This is an important question that comes up after the death of a loved one. Power of attorney for an elderly parent is usually established when the parent is making plans and setting up legal instruments authorizing someone to act as his representative or agent when necessary. The scope of the authority of the POA is clearly defined when the POA is established.
The person who designates the power of attorney is called the principal. The person designated to act on the principal’s behalf is called the agent. It is important to think carefully about who you choose to be your power of attorney. You can choose a trusted relative or friend, or you may even choose your attorney if there are no suitable candidates.
There are four main types of power of attorney:
Limited power of attorney gives the agent the authority to act on your behalf for a very limited and time-sensitive purpose.
General power of attorney is comprehensive and gives the agent all the rights and powers that you have yourself.
Durable power of attorney can be limited or general, but it is mainly designed to be used if you become incapacitated and unable to make important decisions for yourself.
Springing power of attorney allows your agent to act for you if you become incapacitated, but it does not become effective unless it has been legally established that you are incapacitated.
The principal can terminate or revoke the POA at any time if they are competent. Legal action is required for anyone other than the principal to override the POA. The person challenging the POA must have good reason to do so, such as evidence that the acting agent is grossly negligent or abusing the power that has been given to him.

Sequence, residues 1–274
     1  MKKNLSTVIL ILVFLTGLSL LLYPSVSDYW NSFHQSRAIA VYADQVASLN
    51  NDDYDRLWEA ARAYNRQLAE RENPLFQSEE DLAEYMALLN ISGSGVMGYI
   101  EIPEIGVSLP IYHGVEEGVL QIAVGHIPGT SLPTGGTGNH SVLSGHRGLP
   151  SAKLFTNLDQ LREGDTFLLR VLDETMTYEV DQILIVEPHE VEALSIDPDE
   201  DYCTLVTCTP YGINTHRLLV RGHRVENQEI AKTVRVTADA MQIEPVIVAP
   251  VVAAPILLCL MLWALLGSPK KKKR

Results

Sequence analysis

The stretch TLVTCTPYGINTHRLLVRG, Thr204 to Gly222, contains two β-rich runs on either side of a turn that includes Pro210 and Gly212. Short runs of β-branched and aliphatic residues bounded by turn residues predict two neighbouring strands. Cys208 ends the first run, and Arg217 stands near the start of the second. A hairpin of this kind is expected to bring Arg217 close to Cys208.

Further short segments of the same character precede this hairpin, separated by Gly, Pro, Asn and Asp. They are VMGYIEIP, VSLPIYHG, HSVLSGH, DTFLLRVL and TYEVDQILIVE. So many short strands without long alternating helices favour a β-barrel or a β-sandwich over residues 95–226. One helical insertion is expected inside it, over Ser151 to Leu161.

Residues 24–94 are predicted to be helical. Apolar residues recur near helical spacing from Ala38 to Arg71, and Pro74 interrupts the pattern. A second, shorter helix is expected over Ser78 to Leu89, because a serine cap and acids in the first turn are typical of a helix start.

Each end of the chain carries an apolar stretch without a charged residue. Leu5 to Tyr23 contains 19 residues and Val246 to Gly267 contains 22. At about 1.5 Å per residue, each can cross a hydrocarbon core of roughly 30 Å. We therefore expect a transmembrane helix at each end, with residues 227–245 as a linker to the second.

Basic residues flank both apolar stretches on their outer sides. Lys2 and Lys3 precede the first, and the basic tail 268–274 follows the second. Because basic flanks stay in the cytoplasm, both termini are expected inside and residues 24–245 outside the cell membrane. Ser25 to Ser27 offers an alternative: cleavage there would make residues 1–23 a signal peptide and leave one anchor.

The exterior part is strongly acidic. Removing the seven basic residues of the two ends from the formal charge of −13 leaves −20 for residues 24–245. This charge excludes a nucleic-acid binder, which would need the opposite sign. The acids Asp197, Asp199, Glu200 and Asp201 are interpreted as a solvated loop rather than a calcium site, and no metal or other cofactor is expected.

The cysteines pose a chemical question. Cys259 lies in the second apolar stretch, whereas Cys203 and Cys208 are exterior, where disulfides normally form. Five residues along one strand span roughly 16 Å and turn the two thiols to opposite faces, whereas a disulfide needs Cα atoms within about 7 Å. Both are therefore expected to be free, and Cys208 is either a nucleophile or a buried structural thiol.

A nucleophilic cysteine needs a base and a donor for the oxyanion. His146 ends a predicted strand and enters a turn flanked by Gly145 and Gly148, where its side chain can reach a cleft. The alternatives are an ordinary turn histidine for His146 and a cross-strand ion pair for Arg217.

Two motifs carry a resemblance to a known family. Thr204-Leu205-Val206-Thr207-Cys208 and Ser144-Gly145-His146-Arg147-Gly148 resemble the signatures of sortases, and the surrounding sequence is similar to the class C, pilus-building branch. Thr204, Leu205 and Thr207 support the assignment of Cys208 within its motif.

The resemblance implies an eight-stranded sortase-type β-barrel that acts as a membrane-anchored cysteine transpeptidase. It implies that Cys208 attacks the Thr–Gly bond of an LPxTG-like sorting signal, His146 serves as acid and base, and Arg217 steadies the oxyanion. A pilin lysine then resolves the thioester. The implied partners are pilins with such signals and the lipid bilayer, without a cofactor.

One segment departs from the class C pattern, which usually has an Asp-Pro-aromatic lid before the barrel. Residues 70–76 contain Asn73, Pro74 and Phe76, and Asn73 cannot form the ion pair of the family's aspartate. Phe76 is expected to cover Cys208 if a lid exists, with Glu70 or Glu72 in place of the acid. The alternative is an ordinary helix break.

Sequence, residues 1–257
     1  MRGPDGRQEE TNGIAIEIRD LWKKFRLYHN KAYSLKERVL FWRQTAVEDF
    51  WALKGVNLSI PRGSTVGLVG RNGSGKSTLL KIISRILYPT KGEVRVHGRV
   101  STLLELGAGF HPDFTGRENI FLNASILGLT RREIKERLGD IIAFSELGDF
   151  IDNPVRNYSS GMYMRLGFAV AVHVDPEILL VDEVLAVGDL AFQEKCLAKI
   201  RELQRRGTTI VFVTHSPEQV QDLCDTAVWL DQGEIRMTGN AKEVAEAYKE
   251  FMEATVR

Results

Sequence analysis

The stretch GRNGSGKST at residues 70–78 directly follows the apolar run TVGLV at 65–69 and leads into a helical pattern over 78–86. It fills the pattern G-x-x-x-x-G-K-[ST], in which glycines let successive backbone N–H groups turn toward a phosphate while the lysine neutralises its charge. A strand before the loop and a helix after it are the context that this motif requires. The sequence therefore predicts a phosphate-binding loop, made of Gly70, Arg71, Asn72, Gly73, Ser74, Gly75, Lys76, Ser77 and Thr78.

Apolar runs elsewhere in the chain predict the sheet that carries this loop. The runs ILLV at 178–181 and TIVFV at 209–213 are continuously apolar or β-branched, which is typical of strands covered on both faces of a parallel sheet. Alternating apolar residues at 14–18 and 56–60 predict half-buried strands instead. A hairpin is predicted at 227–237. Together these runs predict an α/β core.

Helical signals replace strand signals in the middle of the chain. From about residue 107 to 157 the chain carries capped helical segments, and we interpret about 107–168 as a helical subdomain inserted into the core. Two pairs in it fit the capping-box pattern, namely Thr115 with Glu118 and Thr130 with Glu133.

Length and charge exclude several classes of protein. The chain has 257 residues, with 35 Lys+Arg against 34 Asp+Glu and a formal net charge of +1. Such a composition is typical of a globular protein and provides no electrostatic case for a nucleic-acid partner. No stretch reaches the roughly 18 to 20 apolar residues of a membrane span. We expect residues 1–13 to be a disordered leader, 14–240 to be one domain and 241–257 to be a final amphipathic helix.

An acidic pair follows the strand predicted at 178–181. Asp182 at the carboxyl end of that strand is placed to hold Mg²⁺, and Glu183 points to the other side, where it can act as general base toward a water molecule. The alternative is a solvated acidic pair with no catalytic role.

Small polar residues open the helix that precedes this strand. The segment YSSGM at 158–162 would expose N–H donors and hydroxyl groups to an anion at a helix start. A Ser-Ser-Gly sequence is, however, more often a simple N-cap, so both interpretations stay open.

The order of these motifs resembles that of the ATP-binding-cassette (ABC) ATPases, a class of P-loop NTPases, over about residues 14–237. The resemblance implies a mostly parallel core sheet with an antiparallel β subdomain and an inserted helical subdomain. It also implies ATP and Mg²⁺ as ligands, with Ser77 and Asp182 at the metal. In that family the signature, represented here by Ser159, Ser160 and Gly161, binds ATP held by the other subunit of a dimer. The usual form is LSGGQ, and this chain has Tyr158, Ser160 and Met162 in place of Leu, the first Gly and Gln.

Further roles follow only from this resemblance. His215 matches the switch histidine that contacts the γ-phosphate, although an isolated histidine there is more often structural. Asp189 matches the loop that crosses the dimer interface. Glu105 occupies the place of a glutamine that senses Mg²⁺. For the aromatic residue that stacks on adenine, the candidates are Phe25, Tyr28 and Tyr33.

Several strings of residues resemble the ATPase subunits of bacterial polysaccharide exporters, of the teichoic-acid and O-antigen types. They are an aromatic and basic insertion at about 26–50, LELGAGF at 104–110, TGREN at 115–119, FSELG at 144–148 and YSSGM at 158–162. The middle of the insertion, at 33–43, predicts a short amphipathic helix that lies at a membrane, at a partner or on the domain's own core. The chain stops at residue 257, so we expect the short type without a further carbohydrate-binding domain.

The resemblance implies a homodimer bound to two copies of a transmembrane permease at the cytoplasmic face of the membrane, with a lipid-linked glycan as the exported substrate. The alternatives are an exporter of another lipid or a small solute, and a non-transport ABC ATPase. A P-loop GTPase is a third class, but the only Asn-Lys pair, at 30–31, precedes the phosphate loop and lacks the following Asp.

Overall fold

So, when does the power of attorney end, and does power of attorney expire?
Power of attorney does not expire unless you die or make the stipulation to end it. For example, if you are having major surgery and you are concerned about your ability to handle your own affairs as you go through the surgery, rehabilitation, and recovery process. In such a case, you can appoint someone to be your POA when you need them and rescind the POA once you have recovered. Durable power of attorney after death becomes useless.
What happens to power of attorney after death?
A power of attorney becomes null and void after the death of the principal. The person acting as the POA no longer has the authority to make decisions for the deceased or to manage any part of the estate.
The only person who can act on behalf of the estate following a death is the legal or court-appointed executor of the estate. This can be the same person who was the POA for the deceased, but the principal would have to establish that as a separate entity in the will. If a person dies without a will, the court will appoint an executor for the estate.
Well thought-out estate planning and creating a will that summarizes your wishes and specific desires upon your death is one of the most important things you can do for yourself and your loved ones.
If you do not have POA established and you become incapacitated, the court will appoint a conservator. If you die without a will, the court will appoint an executor and your wishes for the disbursement of your estate may not be carried out.